A “Ghostly” War Film is Pushing Boundaries in MONOS
Eight teenagers live high in the mountains with only each other, a handful of weapons, and a prisoner-of-war for company. The only contact they have with the world below is through a radio and their ruthless drill sergeant. So begins the gripping and intense film MONOS, which follows the group as they grapple with growing up as soldiers and try to cope with the violence they have experienced and inflicted on others.
Director Alejandro Landes and two of the film’s stars, Julianne Nicholson and Moisés Arias, stopped by Angelika New York to discuss making a war movie that no one had seen before.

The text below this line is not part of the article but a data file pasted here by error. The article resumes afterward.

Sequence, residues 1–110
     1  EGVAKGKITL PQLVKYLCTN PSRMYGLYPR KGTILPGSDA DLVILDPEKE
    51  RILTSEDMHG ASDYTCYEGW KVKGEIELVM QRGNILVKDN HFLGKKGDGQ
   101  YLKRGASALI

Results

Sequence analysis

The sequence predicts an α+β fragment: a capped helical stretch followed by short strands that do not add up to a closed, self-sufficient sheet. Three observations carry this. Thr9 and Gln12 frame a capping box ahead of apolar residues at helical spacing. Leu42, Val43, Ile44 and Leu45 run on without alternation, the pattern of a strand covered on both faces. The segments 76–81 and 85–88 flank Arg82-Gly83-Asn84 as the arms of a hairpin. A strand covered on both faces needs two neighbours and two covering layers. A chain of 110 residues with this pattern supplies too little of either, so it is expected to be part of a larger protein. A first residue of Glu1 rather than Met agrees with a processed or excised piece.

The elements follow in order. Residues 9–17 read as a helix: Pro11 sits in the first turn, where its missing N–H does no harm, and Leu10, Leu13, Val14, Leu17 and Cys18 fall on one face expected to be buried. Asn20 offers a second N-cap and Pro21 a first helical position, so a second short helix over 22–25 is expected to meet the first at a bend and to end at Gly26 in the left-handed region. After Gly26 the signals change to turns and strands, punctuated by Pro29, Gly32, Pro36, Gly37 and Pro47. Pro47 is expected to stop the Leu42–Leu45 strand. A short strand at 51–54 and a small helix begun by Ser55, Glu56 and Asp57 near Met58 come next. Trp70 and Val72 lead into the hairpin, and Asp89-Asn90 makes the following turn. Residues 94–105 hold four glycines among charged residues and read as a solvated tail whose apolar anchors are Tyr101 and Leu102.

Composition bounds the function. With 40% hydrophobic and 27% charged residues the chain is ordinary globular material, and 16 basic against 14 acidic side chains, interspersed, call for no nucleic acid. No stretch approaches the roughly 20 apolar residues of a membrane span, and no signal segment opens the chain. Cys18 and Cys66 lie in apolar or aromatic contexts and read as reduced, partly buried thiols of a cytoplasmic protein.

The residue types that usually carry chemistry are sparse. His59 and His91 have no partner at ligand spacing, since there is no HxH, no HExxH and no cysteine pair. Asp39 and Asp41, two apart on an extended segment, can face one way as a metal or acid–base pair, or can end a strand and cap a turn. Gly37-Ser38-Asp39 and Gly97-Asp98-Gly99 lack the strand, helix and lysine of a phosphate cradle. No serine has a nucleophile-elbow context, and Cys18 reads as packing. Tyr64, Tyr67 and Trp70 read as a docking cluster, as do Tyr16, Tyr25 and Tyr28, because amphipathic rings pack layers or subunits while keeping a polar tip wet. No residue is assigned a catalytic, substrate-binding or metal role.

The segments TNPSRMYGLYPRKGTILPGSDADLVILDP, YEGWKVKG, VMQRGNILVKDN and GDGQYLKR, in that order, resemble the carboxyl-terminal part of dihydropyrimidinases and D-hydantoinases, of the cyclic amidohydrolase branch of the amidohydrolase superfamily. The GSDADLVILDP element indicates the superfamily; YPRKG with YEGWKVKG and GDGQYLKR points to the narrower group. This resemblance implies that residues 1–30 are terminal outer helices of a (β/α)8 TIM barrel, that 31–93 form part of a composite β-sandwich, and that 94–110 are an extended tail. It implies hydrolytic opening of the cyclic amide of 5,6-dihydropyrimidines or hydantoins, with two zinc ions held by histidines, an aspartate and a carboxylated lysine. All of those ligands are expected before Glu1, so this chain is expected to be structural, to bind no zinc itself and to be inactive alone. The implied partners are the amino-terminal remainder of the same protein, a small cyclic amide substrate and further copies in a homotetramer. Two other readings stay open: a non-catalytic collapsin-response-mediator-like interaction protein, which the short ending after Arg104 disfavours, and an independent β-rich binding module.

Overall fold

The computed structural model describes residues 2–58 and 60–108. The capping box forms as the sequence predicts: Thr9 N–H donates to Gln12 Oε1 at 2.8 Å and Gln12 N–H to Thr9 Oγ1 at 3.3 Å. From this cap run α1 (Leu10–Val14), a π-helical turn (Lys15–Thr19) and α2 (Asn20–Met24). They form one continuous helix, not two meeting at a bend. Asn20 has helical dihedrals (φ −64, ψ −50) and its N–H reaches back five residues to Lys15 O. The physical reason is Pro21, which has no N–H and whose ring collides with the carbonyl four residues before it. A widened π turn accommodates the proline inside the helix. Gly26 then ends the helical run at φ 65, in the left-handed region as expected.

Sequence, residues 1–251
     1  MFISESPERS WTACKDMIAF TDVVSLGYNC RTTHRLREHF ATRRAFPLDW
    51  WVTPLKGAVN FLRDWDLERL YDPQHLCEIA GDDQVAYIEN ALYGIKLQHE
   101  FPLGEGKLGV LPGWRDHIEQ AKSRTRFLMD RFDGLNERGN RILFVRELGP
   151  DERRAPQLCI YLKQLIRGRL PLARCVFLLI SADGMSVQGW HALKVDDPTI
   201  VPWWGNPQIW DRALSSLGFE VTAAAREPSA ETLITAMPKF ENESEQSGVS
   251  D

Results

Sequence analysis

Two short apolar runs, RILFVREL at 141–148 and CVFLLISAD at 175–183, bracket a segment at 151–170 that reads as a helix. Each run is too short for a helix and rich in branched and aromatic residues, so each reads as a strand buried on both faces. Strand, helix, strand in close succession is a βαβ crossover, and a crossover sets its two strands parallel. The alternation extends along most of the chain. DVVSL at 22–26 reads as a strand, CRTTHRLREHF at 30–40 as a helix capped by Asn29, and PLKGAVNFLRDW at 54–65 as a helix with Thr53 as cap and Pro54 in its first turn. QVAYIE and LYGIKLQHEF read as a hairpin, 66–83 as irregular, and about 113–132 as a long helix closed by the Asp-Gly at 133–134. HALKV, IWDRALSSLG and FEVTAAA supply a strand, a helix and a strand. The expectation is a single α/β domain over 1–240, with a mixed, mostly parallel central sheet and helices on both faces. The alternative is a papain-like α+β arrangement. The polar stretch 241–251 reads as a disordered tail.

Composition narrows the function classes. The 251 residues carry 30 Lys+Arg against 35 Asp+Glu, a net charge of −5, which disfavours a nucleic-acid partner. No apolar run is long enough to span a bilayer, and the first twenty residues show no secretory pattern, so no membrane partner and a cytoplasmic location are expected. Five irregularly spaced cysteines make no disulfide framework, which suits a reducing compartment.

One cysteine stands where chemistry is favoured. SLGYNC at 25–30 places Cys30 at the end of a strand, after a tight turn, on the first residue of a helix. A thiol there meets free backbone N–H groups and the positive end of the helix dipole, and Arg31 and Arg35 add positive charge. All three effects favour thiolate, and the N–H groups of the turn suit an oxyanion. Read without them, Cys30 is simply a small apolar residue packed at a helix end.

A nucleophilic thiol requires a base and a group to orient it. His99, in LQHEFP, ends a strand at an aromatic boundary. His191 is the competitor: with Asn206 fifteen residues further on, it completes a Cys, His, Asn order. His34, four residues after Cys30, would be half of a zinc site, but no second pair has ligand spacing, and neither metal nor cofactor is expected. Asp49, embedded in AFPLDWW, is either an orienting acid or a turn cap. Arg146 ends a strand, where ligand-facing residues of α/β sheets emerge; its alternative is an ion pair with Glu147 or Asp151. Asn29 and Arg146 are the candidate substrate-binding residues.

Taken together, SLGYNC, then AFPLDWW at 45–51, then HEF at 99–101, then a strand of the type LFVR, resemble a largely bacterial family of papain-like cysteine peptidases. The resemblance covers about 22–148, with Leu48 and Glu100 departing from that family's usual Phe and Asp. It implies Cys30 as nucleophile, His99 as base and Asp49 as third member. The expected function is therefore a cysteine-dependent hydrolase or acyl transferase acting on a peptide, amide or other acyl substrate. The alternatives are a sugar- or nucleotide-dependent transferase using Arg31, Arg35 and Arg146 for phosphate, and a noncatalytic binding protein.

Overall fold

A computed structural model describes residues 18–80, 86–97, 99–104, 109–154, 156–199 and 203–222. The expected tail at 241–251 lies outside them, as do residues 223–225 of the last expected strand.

With MONOS, Landes wanted to push the boundaries of naturalism to create a mysterious and “ghostly” film that could take place in an apocalyptic future or the past. Landes notes that war “provides a window into who we are as a species” and he hopes he can take something recognizable, like a war film, and turn it into something new. Using guerilla warfare in Colombia as his lens, Landes explored the dual nature of the teenagers’ “lust for power” and longing for love, which are universal themes.
Both Nicholson and Arias described their willingness to join the project, even though they knew the shoot would be emotionally and physically demanding. Arias said yes immediately after reading the script. Nicholson took a “leap of faith” because the film was “exciting and unknown.”
MONOS is visceral and strikingly beautiful, and is described by RogerEbert.com as “A monumentally cinematic experience of lush wilderness and raw emotions.”
Opening Friday 10/11 at Kahala Theatres.
View the full Q&A here: